A couple of months back, one of New York’s oldest and busiest steakhouses in New York, Peter Luger’s (opened in 1887) got completely slammed by the food critic of The New York Times. It was brutal. It was ugly. There are no other words.
I’ve never eaten there, I have no dog in the fight, but here are some thoughts:
I assume there was a time, back in the day, when Peter Luger’s was actually really good. And because of their reputation, people came regardless, and they were allowed to slide. A story as old as time.
Or maybe there’s another angle: There was a time, two-three hundred years ago when Scotland had the best education system in the world. It wasn’t that Scottish people were any smarter than anyone else, it’s just that the Protestant Reformation came along, and suddenly everyone had to learn to read the Bible… So, when kids everywhere else were helping Daddy in the fields, the Scots were sending their kids to school to learn Scripture. This historical accident gave them an incredible head start, just in time for the Industrial Revolution. Eventually, of course, other countries would catch up. But to this day the Scots still take a lot of pride in their education system, even if the reasons that made it superior to everyone else’s, ran their course centuries ago. What do you call this, “institutional complacency”? Maybe Peter Luger’s was never that good by today’s standards, it’s just their long-term customers measure them with a long-outdated yardstick. Nothing wrong with that. As I said, I’m no expert.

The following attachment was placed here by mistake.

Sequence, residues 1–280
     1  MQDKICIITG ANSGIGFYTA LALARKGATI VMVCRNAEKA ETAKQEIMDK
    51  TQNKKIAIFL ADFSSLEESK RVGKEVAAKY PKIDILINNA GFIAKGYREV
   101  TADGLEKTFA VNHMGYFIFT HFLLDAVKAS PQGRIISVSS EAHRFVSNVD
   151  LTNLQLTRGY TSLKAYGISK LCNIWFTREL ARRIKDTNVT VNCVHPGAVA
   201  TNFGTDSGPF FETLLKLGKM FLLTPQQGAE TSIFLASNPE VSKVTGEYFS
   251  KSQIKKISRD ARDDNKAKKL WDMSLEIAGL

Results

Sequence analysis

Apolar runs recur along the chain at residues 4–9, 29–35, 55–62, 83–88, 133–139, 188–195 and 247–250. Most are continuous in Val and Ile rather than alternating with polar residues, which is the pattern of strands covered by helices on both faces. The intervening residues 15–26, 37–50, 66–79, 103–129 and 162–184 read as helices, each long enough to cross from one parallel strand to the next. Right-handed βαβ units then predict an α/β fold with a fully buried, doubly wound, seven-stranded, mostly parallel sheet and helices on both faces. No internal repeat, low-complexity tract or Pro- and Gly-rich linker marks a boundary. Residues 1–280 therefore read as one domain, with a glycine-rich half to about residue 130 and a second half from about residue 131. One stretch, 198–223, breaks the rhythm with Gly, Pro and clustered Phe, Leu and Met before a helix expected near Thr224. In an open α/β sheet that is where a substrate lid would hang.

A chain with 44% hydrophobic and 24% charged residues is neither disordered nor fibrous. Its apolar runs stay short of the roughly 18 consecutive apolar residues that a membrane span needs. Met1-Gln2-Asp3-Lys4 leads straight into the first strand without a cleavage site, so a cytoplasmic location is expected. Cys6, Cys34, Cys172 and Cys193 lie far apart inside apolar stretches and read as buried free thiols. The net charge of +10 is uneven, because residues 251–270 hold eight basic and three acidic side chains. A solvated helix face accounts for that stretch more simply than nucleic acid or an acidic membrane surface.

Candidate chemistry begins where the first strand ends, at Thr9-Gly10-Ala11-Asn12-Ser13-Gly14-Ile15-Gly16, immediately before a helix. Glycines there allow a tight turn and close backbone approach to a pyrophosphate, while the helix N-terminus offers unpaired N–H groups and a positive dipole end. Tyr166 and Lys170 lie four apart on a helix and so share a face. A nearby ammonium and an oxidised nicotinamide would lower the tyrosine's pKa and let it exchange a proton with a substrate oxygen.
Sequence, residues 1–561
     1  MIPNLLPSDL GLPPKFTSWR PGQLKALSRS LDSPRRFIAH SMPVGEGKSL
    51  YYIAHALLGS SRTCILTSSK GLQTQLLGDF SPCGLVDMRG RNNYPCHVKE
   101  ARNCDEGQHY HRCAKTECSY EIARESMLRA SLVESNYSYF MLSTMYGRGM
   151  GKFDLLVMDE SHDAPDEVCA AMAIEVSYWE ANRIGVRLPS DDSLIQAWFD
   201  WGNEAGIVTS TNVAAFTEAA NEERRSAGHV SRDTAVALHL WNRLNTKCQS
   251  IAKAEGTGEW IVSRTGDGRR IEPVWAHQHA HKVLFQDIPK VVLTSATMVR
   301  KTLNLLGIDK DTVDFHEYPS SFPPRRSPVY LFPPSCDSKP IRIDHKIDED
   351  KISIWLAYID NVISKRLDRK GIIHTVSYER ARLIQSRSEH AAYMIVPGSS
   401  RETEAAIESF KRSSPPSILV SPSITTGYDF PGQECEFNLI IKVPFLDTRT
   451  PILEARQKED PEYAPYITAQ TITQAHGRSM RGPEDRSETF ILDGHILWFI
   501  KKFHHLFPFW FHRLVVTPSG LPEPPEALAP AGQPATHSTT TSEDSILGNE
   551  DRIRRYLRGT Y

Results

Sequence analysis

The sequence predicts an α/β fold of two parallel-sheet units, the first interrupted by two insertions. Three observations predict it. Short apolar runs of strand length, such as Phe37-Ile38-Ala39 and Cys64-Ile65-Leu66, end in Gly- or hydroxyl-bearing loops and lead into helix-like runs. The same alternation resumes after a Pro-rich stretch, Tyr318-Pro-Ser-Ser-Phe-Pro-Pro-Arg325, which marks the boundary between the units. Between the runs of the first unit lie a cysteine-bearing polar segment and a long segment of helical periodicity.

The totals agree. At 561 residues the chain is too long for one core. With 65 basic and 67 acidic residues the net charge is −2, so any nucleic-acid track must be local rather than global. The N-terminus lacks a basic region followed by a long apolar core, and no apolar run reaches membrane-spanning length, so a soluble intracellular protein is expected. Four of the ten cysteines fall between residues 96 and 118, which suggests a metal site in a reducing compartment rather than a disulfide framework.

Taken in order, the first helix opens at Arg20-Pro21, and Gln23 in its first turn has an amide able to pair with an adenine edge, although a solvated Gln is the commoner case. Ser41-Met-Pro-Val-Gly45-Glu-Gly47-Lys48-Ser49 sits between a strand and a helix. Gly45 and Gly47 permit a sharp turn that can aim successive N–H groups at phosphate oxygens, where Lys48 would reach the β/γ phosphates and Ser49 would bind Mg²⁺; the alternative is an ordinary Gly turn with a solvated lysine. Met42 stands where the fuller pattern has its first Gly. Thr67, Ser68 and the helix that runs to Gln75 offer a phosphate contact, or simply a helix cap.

So what do you do if someone like The New York Times comes along and blows a (justified) six-foot hole in the side of your boat? How do you recover? Short answer: With great difficulty. Yes, it can be done, but damn…
When we say “searching for the Holy Grail” in business, we usually mean a certain sweet spot between something very desirable and something hard to attain: a terrific product with an insanely low price, for example. But that’s not what The Holy Grail means in the actual Arthurian Legends, where the object originates. The Holy Grail represents a certain spiritual whole that WE ONCE HAD, BUT LOST, AND ARE NOW AGAIN STRIVING TO RECOVER.
The point, then, is not to discover something great, but to rediscover the greatness you once had. That is the REAL Holy Grail in business. Because ALL businesses have to do it eventually. Every business loses its mojo over time, and it’s the role of a great leader to (A) acknowledge the loss and then (B) rediscover said greatness. Steve Jobs did it. Satya Nadella did it. Now it’s Peter Luger’s owners’ turn. I wish them well.